With something for almost everyone and covering an eclectic selection of synth based music while maintaining a central curated theme, TEC005 was a fine gathering of good music and good people that exuded warmth and quality.

The Electricity Club gives its warmest thanks to Happy Robots Records, all the acts who performed at TEC005 and Simon Helm of Cold War Night Life who provided a fine DJ set throughout the evening.
















Text by Chi Ming Lai
Photos by Richard Price and Chi Ming Lai
10th March 2019

RAINLAND Interview

Returning to London on SATURDAY 2ND MARCH 2019 to open TEC005 will be Glaswegian synthpop duo RAINLAND.

Having accompanied ASSEMBLAGE 23 on two UK tours, their rousing stage manner make them perfect as cheerleaders to begin any live presentation.

Although RAINLAND have so far only one EP ‘Touch’ to their name, Ian Ferguson and Derek MacDonald are experienced hands having been the musical lynchpins of their previous band ANALOG ANGEL, best known for songs such as ‘We Won’t Walk Away’ and ‘Drive’.

Settling into a two piece set-up has been straightforward with Ferguson having already proved himself a worthy vocalist on a number of ANALOG ANGEL tunes, while MacDonald has had more of a free rein to explore his purer synthpop fantasies.

While The Electricity Club opted for an IRN-BRU, the pair settled down with a wee dram each to ponder the state of the synth nation and much more…

Ian: So here we are Derek in our top secret studio to answer some questions from Uncle Chi and TEC about all things RAINLAND…

Del: Yeah, top secret studio in a back bedroom cos that’s what you do if you’re in a synth band these days, or say you’re in the studio by posting a photo of Sarm West to pretend you are being something you aren’t…

Ian: Hahaha! Anyway, on with the questions…

RAINLAND seems more relaxed than ANALOG ANGEL, how’s it been to free of its industrial shackles?

Del: I’ve always loved melody, you can’t have a song without a melody. The world is awash with tuneless industrial music currently

Ian: When we started, we didn’t have many outlets for us to play live and that’s what we always wanted to do so we were ‘tarred’ with the industrial brush as those were the bands we played with or supported.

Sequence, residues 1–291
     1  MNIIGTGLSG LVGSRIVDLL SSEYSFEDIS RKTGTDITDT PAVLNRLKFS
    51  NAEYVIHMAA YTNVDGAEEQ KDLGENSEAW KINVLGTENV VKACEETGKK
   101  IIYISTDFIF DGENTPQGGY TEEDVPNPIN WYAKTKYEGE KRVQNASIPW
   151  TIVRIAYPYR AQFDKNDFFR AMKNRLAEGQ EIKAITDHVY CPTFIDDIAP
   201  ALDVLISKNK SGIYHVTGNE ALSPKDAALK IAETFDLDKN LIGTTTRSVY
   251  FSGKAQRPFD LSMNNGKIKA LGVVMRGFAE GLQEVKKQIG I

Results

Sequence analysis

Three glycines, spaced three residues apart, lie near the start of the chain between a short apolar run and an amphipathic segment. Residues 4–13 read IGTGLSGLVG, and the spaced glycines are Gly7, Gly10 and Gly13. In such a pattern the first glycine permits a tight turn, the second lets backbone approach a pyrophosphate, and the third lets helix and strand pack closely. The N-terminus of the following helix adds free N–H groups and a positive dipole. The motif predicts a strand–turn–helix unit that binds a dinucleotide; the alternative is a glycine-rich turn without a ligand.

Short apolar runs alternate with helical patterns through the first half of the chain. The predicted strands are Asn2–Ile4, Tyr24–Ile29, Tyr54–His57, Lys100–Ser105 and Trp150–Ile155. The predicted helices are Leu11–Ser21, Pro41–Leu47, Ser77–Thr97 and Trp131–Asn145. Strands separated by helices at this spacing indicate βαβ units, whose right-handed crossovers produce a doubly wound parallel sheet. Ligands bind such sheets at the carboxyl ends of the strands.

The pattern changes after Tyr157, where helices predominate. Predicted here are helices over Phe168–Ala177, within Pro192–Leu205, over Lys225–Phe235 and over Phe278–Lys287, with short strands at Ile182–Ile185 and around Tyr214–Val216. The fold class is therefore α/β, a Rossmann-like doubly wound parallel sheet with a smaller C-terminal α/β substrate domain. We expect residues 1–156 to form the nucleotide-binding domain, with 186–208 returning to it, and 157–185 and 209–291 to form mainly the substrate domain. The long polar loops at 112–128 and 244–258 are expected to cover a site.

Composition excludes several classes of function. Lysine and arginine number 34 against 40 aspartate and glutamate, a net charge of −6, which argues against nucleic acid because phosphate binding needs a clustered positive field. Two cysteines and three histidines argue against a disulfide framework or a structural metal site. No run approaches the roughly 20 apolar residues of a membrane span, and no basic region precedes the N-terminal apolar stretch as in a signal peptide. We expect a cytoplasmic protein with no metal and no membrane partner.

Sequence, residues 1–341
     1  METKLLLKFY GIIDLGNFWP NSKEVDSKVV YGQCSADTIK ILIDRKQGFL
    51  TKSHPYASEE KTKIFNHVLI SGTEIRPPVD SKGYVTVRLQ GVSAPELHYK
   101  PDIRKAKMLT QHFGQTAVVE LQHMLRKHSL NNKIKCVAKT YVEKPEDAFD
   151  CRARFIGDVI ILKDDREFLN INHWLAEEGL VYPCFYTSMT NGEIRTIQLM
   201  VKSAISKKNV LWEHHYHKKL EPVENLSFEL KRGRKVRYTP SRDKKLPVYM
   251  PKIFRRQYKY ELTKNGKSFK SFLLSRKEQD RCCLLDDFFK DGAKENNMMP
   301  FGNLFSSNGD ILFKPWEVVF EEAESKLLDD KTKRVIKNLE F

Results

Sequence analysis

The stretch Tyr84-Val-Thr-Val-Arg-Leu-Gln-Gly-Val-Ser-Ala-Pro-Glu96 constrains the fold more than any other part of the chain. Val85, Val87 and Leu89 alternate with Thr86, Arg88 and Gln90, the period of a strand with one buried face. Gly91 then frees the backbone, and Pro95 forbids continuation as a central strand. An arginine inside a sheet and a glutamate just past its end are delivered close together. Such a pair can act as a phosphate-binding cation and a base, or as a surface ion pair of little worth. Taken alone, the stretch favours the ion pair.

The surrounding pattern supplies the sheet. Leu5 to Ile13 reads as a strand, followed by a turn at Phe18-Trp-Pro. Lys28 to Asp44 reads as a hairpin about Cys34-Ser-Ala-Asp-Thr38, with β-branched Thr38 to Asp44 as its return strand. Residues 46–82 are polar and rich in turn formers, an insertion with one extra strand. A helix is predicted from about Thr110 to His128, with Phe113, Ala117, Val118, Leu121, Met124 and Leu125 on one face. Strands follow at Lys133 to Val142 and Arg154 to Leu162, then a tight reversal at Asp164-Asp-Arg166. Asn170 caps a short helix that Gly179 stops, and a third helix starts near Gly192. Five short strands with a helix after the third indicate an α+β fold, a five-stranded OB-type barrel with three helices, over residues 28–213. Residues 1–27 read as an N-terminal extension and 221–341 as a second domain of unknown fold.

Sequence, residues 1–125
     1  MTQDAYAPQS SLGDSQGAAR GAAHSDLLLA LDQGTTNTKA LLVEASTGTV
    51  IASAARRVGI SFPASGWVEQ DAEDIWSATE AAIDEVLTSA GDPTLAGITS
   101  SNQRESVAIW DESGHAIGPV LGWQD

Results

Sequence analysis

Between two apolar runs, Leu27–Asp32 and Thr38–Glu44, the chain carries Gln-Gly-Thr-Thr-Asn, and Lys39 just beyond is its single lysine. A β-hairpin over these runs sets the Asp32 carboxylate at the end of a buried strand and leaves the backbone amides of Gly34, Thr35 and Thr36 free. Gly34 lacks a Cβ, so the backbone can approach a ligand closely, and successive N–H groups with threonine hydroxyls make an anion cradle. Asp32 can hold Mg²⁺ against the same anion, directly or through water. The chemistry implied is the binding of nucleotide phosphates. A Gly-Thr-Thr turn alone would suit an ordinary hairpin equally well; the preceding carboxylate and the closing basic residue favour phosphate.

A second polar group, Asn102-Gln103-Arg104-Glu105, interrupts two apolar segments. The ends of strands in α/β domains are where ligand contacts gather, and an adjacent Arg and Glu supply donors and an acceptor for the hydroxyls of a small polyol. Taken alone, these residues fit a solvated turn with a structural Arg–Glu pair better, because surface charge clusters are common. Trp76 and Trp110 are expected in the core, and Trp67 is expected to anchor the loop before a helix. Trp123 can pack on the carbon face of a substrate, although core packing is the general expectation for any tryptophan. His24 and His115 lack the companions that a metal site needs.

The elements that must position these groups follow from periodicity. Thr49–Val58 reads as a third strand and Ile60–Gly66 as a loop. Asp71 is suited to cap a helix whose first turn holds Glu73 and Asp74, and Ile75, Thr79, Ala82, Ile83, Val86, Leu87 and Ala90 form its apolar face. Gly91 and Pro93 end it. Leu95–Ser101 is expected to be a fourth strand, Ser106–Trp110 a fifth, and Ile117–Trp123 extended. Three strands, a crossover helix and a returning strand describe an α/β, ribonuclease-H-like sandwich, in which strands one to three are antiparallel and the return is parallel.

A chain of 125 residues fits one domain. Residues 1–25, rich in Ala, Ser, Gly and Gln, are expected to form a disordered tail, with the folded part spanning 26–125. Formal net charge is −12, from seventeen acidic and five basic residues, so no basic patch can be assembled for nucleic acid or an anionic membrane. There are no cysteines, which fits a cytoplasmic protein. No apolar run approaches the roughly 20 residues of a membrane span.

Del: I don’t think we ever really were. The first two albums had an industrial edge but they were still songs based.

Ian: That whole ‘scene’ has turned into a bit of a parody of itself, which the synth scene has a danger of doing too. Never understood why, it was more style over substance.

Del: The whole dressed like a Nazi shouting “DAS!” covered in dog sh*te, you’re from Doncaster FFS!

Ian: I would say it’s been liberating doing the RAINLAND stuff.

Del: Exactly, I was always more into YMO who as we know are as industrial as f*ck!

So how has the creative dynamic and attitude changed working as a duo?

Ian: There are half as many people to satisfy, so the voting process as to what does and doesn’t make the cut is simpler.

Del: You and I tended to write together anyway in AA or were the folk that said “yeah let’s work on that” if an idea was presented…

Ian: It’s an interesting question as our attitude hasn’t changed but we can use more expansive soundscapes now, things like harmonies for example which is a big thing.

Y’know, I can’t help smirking at comment… *laughs*

Del: We couldn’t do that in AA as we weren’t the singers, so didn’t carry that part of the song and melody.

Ian: We tried to introduce it in places though… I’m a fan of pop music, I do love my metal and prog rock too of course which you’ve been getting into more Del…

Del: I listen to punk, INXS who are an incredibly melodic band…

Ian: Yeah, but could you imagine folk from ‘the scene’ going to see for example CAMEL or URIAH HEAP who are both in the diary for later in the year?

Del: Or Steven Wilson! We can now draw on more of our influences…

The eponymous ‘Rainland’ was a really rousing calling card, please describe its genesis…

Ian: I had the chorus part kicking around for a long time and never developed it beyond a few scribbled notes. At that point it was called ‘Homeland’… it’s played on a synth called Dune and the opening sequence developed from working with that software. I married it to a piano part from my Work in Progress folder called ‘Keane Thing’. The lyric came together walking along the marina in Ipswich on my way to work.

Del: We both have large WIP folders on our hard drives!

Ian: At the time, we wanted to keep playing and working together but weren’t sure what that was going to be or if it would happen at all. We ended up choosing the name, which I stole from a track title by a friend Simon Godfrey and his band TINYFISH, got a logo and booked a tour before we even had any finished songs so that forced our hand to get stuff written/finished. ‘Rainland’ was the first completed track and feedback was encouraging enough to convince us we were going in the right direction

Del: It had to be the opposite of what we had just finished. The initial reaction was “didn’t expect that!”… folk have compared it to all sorts of bands including A-HA and ENDGAMES, we’ll take that happily

Ian: ENDGAMES… that’s because according to some people we come from a town with no musical heritage! *laughs*

Vocally and musically, ‘Rainland’ appears to have overtones of ULTRAVOX?